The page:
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by Patty Cheffey
The Cardinal Glennon ambulance which has been working out of the Marion County Ambulance District building, pulled their operation out of the county as of Nov. 1.
John Nemes, Marion County Ambulance District chief, reported on the decision during the board meeting recently, at which the board also discussed trucks, heard about the EMS World Expo, heard about a crisis intervention course and critical incident stress debriefing and approved the purchase of a Stryker cot.
After Marion County voted in September to pull their staff off of the Cardinal Glennon trucks, Cardinal Glennon had staffing issues and voted to close down that operation, Nemes said.
That does not mean Cardinal Glennon won’t still serve Marion County, he added. Any cases which the Marion County Ambulance District cannot handle, Cardinal Glennon will still be used.
“Since the call volume is only seven to eight percent of the calls, it made sense to shut it down in Marion County,” Nemes said. “Marion County Ambulance District can handle about 85 percent of those calls, and Cardinal Glennon will do the rest. They will probably fly those out anyway.”
With Cardinal Glennon leaving the district, that will give MCAD another truck, which Nemes said will be rewrap with the district emblems as soon as possible.
That will be a benefit to the county as the new ambulance truck was damaged when it struck a deer during a transfer. As the Ali-Arc bumper had not yet been installed, considerable damage was sustained to the front end, Nemes said, and is being repaired. The new Ali-Arc bumper will be installed too.
He also noted another truck box, which was undamaged in another accident, will be remounted for use if Braun certifies the box for use.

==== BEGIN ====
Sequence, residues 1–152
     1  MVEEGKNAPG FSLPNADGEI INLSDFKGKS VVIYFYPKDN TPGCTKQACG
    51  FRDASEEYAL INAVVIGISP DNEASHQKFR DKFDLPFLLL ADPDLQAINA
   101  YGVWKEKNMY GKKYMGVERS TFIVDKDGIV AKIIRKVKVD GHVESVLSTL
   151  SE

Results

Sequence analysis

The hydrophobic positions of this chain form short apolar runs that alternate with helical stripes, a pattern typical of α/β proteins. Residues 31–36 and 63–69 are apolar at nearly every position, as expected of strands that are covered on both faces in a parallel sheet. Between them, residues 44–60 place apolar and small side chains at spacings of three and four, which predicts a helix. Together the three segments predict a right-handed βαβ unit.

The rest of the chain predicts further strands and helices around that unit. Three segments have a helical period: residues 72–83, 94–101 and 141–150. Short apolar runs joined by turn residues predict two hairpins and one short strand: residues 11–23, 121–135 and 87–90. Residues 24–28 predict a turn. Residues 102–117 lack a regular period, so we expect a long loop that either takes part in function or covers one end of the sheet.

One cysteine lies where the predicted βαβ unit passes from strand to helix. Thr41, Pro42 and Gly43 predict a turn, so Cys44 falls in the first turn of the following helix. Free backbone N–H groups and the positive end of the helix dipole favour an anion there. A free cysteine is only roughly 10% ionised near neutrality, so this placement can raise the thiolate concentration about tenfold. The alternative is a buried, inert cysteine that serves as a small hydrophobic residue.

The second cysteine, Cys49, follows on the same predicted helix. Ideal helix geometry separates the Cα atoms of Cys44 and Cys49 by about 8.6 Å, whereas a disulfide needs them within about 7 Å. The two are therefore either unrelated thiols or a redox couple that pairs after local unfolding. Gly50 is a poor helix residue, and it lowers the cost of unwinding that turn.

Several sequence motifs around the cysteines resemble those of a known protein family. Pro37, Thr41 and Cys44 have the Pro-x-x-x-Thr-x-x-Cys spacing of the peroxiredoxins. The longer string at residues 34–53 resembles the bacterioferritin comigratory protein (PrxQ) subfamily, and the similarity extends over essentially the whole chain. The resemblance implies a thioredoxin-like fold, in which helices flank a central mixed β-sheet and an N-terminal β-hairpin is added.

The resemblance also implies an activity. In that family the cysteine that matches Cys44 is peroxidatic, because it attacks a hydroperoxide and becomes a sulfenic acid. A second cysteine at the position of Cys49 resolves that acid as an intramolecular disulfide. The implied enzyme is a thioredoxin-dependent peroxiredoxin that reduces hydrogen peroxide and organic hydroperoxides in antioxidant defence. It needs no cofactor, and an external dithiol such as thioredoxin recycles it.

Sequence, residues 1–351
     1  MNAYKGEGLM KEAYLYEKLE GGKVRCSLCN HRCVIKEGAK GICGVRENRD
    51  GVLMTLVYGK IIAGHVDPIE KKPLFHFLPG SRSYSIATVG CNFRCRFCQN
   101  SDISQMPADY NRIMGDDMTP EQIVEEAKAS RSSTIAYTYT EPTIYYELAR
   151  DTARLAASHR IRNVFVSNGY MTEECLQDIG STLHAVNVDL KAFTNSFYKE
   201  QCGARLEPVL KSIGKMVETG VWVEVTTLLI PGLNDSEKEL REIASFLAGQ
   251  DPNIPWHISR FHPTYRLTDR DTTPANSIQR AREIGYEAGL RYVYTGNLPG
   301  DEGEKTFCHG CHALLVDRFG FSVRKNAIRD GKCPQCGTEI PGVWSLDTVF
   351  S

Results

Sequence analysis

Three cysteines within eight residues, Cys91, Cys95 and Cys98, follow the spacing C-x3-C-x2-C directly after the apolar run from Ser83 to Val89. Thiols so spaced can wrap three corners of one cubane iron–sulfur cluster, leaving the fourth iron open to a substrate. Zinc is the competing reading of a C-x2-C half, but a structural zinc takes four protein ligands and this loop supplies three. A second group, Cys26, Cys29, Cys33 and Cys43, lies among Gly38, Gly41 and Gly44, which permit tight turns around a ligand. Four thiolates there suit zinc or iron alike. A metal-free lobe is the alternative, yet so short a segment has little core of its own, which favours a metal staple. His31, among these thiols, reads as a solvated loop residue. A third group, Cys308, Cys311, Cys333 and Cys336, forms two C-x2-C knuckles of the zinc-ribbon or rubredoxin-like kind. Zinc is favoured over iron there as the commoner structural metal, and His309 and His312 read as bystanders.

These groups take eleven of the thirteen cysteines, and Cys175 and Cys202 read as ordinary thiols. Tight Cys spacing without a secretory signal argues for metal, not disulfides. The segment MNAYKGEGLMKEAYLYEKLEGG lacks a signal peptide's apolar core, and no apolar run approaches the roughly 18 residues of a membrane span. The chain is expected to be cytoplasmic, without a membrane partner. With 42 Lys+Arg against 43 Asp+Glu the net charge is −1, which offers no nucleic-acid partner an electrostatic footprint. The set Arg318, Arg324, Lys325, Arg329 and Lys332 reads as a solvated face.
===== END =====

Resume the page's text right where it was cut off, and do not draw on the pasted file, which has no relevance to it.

Nemes noted that while the district is still short on trucks, there is a wait for any new vehicles. MCAD will look at having a couple of the older trucks engines repaired to get them back into service.
In other business, four district paramedics attended the EMS World Expo and participated in “valuable training sessions,” Nemes said, including a cadaver lab.
“This hands-on session provides participants with a real-world opportunity to review relevant anatomy associated with critical care and life-saving emergency procedures with cadavers,” he explained, noting most training is on mannequins. “Through this course, our personnel were able to practice procedural skills, such as basic airway management, direct and video laryngoscope intubation, intraosseous access and various other emergency procedures.”
They also visited with several vendors, and Nemes said the employees were proud of the fact, Marion County is already using many of the items on display.
Nemes also reported on an eight-hour Crisis Intervention Team Concepts course at Mark Twain Behavioral Health, which helps law enforcement and other agencies improve the overall outcome of mental health encounters.
They also participated in a critical incident stress debriefing for the crew and personnel involved with an accident in Palmyra.
Our EMS crews, 911 dispatchers and Survival Flight personnel attended the debriefing,” he said. “We want to thank Kim at Mark Twain Behavioral Health for overseeing the session.”
The board approved the purchase of a used Stryker cot to be used in one of the ambulances at a cost of $16,500. It is still certified, Nemes said.
He also reported the district had placed three more AEDs this month, including ones with the Palmyra Fire Department, and two with the Palmyra School District, including one for the new athletic complex and one to travel with the teams during away games.
The board also:
• adopted a banking resolution, adding a person on the accounts as an oversight measure;
• discussed a job description for captains and that an outside group will be interviewing and hiring to fill those positions; and
• heard an update on the numbers of emergency calls handled in September.
The board sent the next meeting for Sept. 2 as a Zoom meeting, at which they will approved the 2022 budget.